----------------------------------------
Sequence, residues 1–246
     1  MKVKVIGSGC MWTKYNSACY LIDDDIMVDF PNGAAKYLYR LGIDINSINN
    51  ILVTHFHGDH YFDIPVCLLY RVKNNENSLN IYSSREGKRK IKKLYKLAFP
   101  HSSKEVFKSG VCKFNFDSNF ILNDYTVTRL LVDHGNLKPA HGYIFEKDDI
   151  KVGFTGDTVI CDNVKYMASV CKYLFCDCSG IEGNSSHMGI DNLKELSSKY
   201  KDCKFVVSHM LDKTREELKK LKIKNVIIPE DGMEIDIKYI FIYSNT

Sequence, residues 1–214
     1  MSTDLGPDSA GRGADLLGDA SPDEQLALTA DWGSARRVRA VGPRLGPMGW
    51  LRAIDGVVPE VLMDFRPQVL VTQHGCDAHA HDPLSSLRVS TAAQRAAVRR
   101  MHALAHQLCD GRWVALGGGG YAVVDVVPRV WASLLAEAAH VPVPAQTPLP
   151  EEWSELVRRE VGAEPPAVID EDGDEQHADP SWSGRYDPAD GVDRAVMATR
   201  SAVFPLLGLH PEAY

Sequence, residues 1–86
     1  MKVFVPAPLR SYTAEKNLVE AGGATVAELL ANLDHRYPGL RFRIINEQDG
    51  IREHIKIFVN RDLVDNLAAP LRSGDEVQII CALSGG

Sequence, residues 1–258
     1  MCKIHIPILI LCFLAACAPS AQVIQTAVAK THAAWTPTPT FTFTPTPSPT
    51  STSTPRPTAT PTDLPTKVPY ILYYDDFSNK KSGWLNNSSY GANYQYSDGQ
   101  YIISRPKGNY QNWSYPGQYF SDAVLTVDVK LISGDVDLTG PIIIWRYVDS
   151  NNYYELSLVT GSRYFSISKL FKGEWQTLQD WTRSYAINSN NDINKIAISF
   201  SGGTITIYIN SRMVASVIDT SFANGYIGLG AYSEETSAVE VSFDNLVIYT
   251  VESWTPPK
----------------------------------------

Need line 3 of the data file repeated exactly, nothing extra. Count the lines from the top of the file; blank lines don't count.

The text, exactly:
    51  ILVTHFHGDH YFDIPVCLLY RVKNNENSLN IYSSREGKRK IKKLYKLAFP